Monday, July 4, 2011

Seven Reasons the Committee Says No: Part I


Hey readers, it’s our inaugural Mixing-It-Up Monday. And it's Independence Day! Happy Fourth of July!

Let's launch our new Monday setup with a seasoned pro, shall we? This month’s series comes to us from Nick Harrison, acquisitions editor at Harvest House Publishers. He’s here to give us some advice on how to get our work through publishing committees. Read on!

Seven Reasons the Committee Says No*
by Nick Harrison

Recently I asked for blogging suggestions and there were a number of good responses. The one I’m picking today is Michael R.’s question: ‎“What are the top five reasons books get shut down in pub committee?”

First, for those just learning the ropes in publishing, “pub committee” is a publisher’s committee that decides which books to publish. Editors alone cannot make those decisions. Instead, when we editors see something we like and we believe is a good fit for our publishing house, we present it to the publisher’s committee and hope they’ll agree with our judgment and vote yes to publish the book. Right now, my batting average is about .600. That is, for every ten projects I pitch, approximately six get a yes and four get a no vote. Although it might vary a bit from publisher to publisher, the members of the committee include at least one person each from editorial, marketing, and sales. In our case, the president of the company is also on the committee.

Instead of the five reasons Michael asked for, I’m going to offer seven. They are, by the way, not in order. They all pretty much carry equal weight.

The author is unknown and the book will probably not make him or her known. Face it, most book buyers purchase books from authors they already know and like. Why will they want to try your book—if you’re unknown to them? Similarly, the retailer has only a certain number of inventory dollars with which to purchase his stock. If, say, this September new books are being released by Max Lucado, Karen Kingsbury, Joyce Meyer, Stormie Omartian, and you—what reason will the store owner have to order your book when he would be safer spending inventory dollars on the well-known authors? This is where the very worn term “platform” comes in. A platform is your way to promote your book, thus sending people to bookstores to ask for it. Are you on the radio? TV? Do you hold workshops and seminars about your topic? In short, how will your potential readers hear about you and know if you’re writing for them? By the way, this is an area where I, as a writer, am challenged. I don’t have a platform and in my book proposals, I have to find a way to overcome my lack of a platform.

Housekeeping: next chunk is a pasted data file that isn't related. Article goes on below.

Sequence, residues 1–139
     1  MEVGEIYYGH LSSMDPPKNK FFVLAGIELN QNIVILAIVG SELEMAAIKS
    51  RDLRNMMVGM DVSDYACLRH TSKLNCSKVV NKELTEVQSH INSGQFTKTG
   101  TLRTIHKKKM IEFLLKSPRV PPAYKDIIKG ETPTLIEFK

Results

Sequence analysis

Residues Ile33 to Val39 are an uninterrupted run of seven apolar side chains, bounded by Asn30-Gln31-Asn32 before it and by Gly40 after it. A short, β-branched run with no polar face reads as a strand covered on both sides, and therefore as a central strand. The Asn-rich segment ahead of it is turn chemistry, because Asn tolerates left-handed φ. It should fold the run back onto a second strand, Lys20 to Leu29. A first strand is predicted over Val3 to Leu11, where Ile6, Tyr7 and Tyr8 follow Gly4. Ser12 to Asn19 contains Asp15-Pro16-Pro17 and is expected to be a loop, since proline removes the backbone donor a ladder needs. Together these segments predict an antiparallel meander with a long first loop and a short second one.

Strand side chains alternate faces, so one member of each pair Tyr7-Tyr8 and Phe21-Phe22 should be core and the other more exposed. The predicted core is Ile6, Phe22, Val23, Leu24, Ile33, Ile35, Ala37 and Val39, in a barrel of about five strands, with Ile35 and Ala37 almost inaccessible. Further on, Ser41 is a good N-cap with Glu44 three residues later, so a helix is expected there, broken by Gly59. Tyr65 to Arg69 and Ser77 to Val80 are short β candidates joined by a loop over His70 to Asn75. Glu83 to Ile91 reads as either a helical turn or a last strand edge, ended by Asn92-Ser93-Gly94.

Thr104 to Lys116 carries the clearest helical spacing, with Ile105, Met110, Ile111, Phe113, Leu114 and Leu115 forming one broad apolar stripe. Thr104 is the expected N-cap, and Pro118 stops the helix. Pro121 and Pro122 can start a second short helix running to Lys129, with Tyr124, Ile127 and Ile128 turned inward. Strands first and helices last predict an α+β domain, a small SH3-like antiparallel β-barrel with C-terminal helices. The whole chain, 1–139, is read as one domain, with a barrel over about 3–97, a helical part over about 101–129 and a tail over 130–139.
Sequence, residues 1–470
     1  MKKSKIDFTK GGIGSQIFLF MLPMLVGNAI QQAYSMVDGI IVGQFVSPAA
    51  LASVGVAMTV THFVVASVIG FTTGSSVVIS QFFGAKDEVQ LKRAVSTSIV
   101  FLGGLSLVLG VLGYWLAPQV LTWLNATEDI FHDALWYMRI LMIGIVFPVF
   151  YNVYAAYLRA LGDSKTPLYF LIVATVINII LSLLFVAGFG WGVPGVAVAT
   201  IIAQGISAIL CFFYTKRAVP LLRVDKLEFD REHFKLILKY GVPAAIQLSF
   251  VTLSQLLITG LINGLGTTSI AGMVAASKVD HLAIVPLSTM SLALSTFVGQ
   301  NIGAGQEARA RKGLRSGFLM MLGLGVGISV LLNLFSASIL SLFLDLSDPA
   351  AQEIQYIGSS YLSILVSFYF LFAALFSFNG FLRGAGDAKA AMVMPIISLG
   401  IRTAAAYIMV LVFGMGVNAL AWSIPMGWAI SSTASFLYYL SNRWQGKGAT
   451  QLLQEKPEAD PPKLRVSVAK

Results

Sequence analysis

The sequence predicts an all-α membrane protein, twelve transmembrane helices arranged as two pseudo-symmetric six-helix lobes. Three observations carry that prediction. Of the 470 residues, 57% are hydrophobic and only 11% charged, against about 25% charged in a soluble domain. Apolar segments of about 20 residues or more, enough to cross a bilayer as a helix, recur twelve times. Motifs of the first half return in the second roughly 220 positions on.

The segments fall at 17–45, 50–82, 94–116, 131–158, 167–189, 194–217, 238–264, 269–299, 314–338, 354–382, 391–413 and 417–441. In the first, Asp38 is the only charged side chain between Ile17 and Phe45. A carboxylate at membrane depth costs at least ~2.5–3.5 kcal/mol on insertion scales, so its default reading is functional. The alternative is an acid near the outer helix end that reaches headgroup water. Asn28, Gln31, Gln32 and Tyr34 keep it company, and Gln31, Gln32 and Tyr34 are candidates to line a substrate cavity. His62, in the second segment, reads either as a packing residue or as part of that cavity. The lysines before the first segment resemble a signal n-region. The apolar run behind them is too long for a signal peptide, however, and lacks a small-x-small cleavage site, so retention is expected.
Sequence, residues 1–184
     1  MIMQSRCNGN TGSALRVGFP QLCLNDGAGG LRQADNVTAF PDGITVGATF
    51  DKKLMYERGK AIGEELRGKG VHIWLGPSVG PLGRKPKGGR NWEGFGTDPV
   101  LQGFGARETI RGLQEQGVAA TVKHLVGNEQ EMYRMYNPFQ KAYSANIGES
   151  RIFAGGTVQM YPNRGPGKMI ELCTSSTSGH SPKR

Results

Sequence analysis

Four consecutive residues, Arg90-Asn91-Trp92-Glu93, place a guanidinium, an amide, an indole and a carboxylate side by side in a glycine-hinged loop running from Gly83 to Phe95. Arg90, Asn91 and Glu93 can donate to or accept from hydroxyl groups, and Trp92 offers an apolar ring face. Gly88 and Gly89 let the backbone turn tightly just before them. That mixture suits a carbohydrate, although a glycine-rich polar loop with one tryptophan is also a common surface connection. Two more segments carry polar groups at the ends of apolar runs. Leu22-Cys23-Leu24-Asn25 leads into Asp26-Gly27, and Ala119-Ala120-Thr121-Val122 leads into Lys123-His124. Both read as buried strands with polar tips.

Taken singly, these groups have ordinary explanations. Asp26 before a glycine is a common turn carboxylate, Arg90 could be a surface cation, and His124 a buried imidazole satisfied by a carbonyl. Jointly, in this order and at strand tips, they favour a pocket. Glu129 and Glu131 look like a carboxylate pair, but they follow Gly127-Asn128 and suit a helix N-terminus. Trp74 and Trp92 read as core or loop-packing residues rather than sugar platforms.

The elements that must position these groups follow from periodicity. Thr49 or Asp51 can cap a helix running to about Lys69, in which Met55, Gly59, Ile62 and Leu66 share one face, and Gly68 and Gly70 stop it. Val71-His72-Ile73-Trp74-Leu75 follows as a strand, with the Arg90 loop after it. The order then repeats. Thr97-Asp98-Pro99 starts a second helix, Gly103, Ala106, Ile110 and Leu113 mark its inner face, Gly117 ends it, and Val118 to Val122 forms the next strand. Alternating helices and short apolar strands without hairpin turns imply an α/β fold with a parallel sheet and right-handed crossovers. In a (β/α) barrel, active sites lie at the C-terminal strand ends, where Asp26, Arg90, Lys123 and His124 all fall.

Next Monday, Nick will return and share reasons two and three for why pub committees reject manuscripts. If our goal is to get beyond the pub board, this series is key. Learn more about Nick Harrison at his blog

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*Post originally appeared on Nick Harrison's blog. Used by permission.

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